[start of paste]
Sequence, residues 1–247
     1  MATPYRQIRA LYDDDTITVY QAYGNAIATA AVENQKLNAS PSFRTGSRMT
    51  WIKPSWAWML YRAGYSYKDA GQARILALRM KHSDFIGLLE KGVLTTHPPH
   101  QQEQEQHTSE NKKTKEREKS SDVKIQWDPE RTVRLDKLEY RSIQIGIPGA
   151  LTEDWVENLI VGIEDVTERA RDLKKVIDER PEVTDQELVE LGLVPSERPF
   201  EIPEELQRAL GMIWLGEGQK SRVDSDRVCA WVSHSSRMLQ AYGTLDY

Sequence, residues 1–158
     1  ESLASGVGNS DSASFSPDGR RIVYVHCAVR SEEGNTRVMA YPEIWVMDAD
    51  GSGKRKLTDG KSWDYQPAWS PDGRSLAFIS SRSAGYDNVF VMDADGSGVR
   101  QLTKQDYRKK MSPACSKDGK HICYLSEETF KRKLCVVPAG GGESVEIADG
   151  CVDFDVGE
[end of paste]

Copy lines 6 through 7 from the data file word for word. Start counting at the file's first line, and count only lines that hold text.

   201  EIPEELQRAL GMIWLGEGQK SRVDSDRVCA WVSHSSRMLQ AYGTLDY

Sequence, residues 1–158